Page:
[secdir] [New-work] WG Review: SIP Overload Control (soc)

IESG Secretary <iesg-secretary@ietf.org> Tue, 27 April 2010 17:30 UTC

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Subject: [secdir] [New-work] WG Review: SIP Overload Control (soc)
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A new IETF working group has been proposed in the Real-time Applications
and Infrastructure Area.  The IESG has not made any determination as yet.
The following draft charter was submitted, and is provided for
informational purposes only. Please send your comments to the IESG mailing
list (iesg@ietf.org) by Tuesday, May 4, 2010.   

SIP Overload Control (soc)
Current Status: Proposed Working Group

Last Modified: 2010-04-22


Real-time Applications and Infrastructure Area Directors:
   Gonzalo Camarillo <gonzalo.camarillo@ericsson.com>
   Robert Sparks <rjsparks@nostrum.com>

Real-time Applications and Infrastructure Area Advisor:
   Robert Sparks <rjsparks@nostrum.com>

Mailing Lists:
   General Discussion: sip-overload@ietf.org
   To Subscribe: https://www.ietf.org/mailman/listinfo/sip-overload 
   Archive: http://www.ietf.org/mail-archive/web/sip-overload/

Description of Working Group:

As with any network element, a Session Initiation Protocol (SIP) server
can suffer from overload when the number of SIP messages it receives
exceeds the number of messages it can process. Overload is said to occur
when a SIP server does not have sufficient resources to complete the
processing of all incoming SIP messages within the required time.
These resources can include CPU, memory, network bandwidth, input/
output, or disk resources.

Overload can pose a serious problem for a network of SIP servers. During
periods of overload, the goodput (effective application throughput not 
counting the overhead of retransmission and redundant data) of a network 
of SIP servers can be significantly degraded.  In fact, overload may 
lead to a situation in which the goodput drops down to zero or a small 
fraction of the original processing capacity.  This is often called 
congestion collapse. The objective of a SIP overload control mechanism 
is to enable SIP servers to operate close to their capacity limit during 
times of overload.

The SIP protocol provides a limited mechanism for overload control
through its 503 (Service Unavailable) response code and the Retry-After
header.  However, this mechanism cannot fully prevent overload of a SIP
server and it cannot prevent congestion collapse.  In fact, its on/off
behavior may cause traffic to oscillate and shift between SIP servers
and thereby worsen an overload condition.  A detailed discussion of the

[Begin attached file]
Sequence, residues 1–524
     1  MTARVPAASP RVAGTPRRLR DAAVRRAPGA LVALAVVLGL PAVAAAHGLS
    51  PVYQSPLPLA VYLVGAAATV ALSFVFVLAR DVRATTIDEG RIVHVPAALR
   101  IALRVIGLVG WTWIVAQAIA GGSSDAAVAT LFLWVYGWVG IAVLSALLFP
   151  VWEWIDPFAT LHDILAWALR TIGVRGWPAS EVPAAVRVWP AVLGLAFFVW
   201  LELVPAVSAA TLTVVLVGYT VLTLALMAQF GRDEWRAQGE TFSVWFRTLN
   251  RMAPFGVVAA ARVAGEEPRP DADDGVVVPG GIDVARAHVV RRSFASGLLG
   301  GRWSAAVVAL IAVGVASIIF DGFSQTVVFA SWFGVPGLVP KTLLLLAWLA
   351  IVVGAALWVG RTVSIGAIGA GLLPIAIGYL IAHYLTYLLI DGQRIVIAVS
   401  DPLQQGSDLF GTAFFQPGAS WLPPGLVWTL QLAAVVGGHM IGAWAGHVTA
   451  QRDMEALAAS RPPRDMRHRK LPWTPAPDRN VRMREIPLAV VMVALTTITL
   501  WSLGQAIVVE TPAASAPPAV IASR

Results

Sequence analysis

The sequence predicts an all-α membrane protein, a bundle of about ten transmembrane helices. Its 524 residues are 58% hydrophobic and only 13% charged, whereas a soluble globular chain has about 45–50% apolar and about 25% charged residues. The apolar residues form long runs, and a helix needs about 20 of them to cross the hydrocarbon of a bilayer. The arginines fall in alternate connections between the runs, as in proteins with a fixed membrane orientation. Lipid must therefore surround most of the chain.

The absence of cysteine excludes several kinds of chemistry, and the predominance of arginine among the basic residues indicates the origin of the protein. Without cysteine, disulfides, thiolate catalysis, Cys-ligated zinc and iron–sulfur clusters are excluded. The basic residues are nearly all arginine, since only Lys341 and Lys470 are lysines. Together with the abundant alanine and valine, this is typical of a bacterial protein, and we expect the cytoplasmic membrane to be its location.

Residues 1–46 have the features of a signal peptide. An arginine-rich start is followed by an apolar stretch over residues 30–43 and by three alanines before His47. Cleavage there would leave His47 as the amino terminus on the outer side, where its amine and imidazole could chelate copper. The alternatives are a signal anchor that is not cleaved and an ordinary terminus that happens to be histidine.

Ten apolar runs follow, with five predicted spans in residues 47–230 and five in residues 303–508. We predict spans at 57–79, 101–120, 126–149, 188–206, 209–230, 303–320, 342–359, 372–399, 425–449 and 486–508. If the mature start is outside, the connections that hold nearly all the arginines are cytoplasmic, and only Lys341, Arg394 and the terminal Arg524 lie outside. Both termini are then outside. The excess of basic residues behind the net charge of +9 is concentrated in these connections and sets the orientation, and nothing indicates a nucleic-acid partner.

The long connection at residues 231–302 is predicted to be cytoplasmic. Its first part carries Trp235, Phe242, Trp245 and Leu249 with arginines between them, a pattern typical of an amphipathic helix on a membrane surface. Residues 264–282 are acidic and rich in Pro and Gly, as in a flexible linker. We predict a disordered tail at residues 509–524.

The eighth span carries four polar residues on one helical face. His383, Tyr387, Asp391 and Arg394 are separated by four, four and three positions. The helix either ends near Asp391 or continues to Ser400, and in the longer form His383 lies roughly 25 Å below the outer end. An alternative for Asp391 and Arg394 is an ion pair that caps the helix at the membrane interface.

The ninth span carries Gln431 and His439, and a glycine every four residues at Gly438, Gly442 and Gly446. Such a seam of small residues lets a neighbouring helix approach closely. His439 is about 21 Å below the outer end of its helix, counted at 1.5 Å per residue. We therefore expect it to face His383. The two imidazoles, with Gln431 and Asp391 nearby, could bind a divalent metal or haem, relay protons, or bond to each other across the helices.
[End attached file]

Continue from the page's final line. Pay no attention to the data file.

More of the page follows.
SIP overload problem, the problems with the 503 (Service Unavailable)
response code and the Retry-After header and the requirements for a SIP
overload control mechanism can be found in RFC5390.

The objective of the working group is to develop mechanisms for SIP
overload control. The problem domain of SIP overload control can be 
split into overload control between a user agent and a SIP server and 
overload control between SIP servers. 

Any specification developed by the working group needs to clearly 
specify its scope. A specification also needs to clearly state any 
limitations, in performance or otherwise, the specified overload control 
mechanism may have.  In particular, the working group shall carefully 
define the deployment considerations for the effective operation of the 
specified mechanisms and discuss, for example, when a mechanism requires 
coordinated deployment and operation (if all servers need to deploy the 
same mechanism, certain configuration values need to be identical on all 
servers, etc), when a mechanism can become less effective or ineffective 
under some conditions, or especially if there are cases when a mechanism 
can reduce goodput compared to no overload protection. The intent of 
these considerations is to allow potential deployers to make the best 
use of these mechanism in their particular networks.

The working group will consider two complementary approaches for 
handling overload situations:
- The first mechanism aims at preventing overload in SIP servers by
 adjusting the incoming load to a level that is acceptable for this
 server. This mechanism uses implicit and/or explicit feedback to
 determine when an overload condition occurs in a SIP server and a
 reduction in load is required.
- The second mechanism aims at preventing overload in SIP servers by
 distributing load control filters to SIP servers that throttle calls
 based on their source or destination domain, telephone number prefix or 
 for a specific user. Such filters can be used, for example, to throttle 
 calls to a hotline during a ticket-giveaway event.

The working group will develop the following deliverables:

 1. A document describing key design considerations for a SIP overload
    control mechanism.
 2. A specification for an SIP overload control mechanism based on
    implicit/explicit feedback.
 3. A specification for a SIP load filtering mechanism.


Sep 2010 Design Considerations to IESG for publication as Informational
Dec 2010 Specification for a SIP overload control mechanism based on 
         implicit/explicit feedback to IESG for publication as Proposed 
May 2011 Specification for a SIP load filtering mechaism to IESG for 
         publication as Proposed Standard
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